Vaccination Schedule

What Is a Vaccination Schedule?

A vaccination schedule is a plan with recommendations for which vaccines your children should get and when they should get them. Vaccines are one of the most important ways to prevent children from getting some dangerous diseases. By exposing you to a germ in a controlled way, vaccines teach your body to recognize and fight it.

Government vaccine recommendations are just that -- recommendations. You aren’t forced to get them. But state laws require your kids to have certain vaccines before they can go to daycare, school, or college, with some exceptions. Vaccines protect not just your child, but everyone they come in contact with. The more people who get vaccinated, the harder it is for a disease to spread.

Before they’re approved for use and added to the schedule, vaccines go through years of testing to make sure they work and that they’re safe. The government keeps track of any reports of side effects to make sure no problems come up.

Types of Vaccines

These are the vaccines recommended for children, and the diseases they protect against:

  • Hepatitis B vaccine guards against hepatitis B virus, which damages the liver. Your child may have already received the first vaccine in the series in the hospital. The second dose comes at 1 or 2 months, and the third between 6 and 18 months.
  • Getting vaccinated for rotavirus protects against the most common cause of diarrhea, vomiting, and dehydration in babies. It’s recommended at 2 and 4 months.
  • Diphtheria, tetanus , pertussis (DTaP) is a combo vaccine that protects against three very serious diseases. Diphtheria swells up the throat, tetanus painfully tightens the muscles, and pertussis (whooping cough) makes it hard for kids to breathe. It’s a five-dose series that comes at 2 months, 4 months, 6 months, between 15 and 18 months, and between 4 and 6 years. Kids get a booster shot with a different formulation (Tdap) at age 11 or 12, and then every 10 years as an adult.
  • Hib vaccine protects against Haemophilus influenzae type b (Hib), a type of bacteria that causes an infection in the brain and spinal cord that can damage a baby's brain and hearing. Babies need four doses, at 2 months, 4 months, 6 months, and between 12 and 15 months.
  • Pneumococcal vaccine protects against Streptococcus pneumoniae, which causes meningitis, pneumonia, and some ear infections. It’s also a four-dose series, coming at 2 months, 4 months, 6 months, and 12 to 15 months.
  • Polio is a disease that used to paralyze more than 25,000 people each year before the polio vaccine was invented. Now children are vaccinated against it at 2 months, 4 months, between 6 and 18 months, and between 4 and 6 years.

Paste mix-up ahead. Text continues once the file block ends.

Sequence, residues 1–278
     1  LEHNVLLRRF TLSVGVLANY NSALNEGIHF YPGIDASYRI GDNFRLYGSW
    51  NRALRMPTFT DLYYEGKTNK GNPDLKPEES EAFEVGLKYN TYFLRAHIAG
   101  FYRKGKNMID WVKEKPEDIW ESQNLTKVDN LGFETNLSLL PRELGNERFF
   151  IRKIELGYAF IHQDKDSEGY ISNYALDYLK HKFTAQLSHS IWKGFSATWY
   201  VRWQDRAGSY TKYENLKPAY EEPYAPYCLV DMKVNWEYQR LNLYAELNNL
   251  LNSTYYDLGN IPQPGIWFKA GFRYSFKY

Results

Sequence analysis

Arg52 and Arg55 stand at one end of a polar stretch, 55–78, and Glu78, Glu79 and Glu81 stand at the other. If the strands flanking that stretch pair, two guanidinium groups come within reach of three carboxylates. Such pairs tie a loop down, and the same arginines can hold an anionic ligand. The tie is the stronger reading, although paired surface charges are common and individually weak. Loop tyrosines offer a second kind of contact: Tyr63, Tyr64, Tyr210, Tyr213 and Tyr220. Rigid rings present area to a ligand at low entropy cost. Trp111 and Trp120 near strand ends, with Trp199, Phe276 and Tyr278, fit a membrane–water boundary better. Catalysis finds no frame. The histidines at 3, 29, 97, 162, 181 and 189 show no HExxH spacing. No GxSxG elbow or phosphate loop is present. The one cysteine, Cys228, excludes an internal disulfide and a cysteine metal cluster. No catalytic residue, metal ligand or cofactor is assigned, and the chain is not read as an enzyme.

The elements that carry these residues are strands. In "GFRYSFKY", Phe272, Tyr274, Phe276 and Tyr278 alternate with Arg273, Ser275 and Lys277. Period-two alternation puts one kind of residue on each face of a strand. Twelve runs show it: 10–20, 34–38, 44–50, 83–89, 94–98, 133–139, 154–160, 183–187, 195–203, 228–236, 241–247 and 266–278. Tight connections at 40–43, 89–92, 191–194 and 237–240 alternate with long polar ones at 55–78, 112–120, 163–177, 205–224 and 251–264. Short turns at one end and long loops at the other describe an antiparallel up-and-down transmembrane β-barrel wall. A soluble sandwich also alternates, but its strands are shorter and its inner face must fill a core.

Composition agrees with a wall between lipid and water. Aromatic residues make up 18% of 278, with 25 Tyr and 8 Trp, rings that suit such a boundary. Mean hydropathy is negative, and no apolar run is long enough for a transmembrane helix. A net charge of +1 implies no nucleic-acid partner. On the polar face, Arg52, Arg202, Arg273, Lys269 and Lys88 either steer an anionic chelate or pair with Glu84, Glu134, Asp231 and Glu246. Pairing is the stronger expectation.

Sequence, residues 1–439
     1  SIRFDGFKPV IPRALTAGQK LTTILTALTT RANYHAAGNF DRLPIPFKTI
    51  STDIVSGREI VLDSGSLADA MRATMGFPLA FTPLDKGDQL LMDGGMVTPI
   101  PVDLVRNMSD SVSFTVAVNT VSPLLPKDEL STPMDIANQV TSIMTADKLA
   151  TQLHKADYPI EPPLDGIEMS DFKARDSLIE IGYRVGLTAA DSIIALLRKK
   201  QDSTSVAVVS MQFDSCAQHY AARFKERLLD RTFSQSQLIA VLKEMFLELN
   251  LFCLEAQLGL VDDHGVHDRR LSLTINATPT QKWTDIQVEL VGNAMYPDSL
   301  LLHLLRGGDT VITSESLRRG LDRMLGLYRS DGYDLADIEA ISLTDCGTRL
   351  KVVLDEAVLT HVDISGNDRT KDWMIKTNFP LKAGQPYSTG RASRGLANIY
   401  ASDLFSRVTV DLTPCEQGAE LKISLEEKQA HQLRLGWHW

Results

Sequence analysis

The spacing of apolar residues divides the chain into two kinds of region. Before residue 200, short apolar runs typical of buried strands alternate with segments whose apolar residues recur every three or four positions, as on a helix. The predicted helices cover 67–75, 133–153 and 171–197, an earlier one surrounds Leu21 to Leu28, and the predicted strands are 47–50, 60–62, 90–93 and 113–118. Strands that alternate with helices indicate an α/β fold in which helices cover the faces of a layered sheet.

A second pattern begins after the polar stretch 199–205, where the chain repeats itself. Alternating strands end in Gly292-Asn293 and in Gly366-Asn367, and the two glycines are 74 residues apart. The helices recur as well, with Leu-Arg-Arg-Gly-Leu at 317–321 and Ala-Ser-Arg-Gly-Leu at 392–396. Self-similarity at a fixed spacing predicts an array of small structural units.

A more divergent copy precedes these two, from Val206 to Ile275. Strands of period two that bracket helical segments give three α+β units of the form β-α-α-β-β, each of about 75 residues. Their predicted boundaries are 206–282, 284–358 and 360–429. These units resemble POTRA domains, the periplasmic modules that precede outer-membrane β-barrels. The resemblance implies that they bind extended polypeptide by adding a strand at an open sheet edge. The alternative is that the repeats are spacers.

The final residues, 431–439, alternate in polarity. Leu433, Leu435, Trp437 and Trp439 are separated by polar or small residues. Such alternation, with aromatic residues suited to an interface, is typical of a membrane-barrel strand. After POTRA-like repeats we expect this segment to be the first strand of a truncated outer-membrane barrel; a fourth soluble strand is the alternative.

• MMR is another combo vaccine that protects against measles, mumps, and rubella. Measles gives you a rash and in rare cases, can lead to dangerous brain swelling. Mumps causes painful, swollen salivary glands. And rubella, also called German measles, can cause serious birth defects or miscarriage if a pregnant woman is infected. The MMR vaccine is recommended between 12 and 15 months and between 4 and 6 years.
  • Chickenpox used to be an itchy childhood rite of passage. It too, can have serious complications such as pneumonia and encephalitis.  But the varicella vaccine has made it much less common. It comes between 12 and 15 months and between 4 and 6 years.
  • Hepatitis A is a serious liver disease. The vaccine against it comes in two doses, given at least 6 months apart, starting at 12 months.
  • Meningococcal conjugate vaccine guards against four different strains of bacteria that cause potentially deadly infections of the brain and bloodstream. Kids get it between ages 11 and 12, with a booster at age 16. A vaccine against an extra bacteria strain, meningococcal B, is available for older teens and young adults at high risk. 
  • The human papillomavirus vaccine (HPV) protects against a group of viruses that cause nearly all  cases of cervical cancer and most cancers of the vulva, penis, anus, rectum, and throat. It’s recommended for children aged 11 to 12 in two doses, 6 to 12 months apart. Teens older than 15 who haven’t gotten it need three doses. 
  • An influenza vaccine is recommended for everyone every year, from 6 months on.

If you still have questions, talk to your baby's doctor about your concerns. Your doctor will provide you with literature about each vaccine that you can review and discuss with the doctor before your baby is vaccinated.

RECOMMENDED VACCINE VACCINE SCHEDULE

PROTECTS AGAINST

 

DTaP

Dose 1: age 2 months

Dose 2: age 4 months

Dose 3: age 6 months

Dose 4: Between ages 15 months and 18 months

Dose 5: Between ages 4 years and 6 years

Influenza

Every year, starting at age 6 months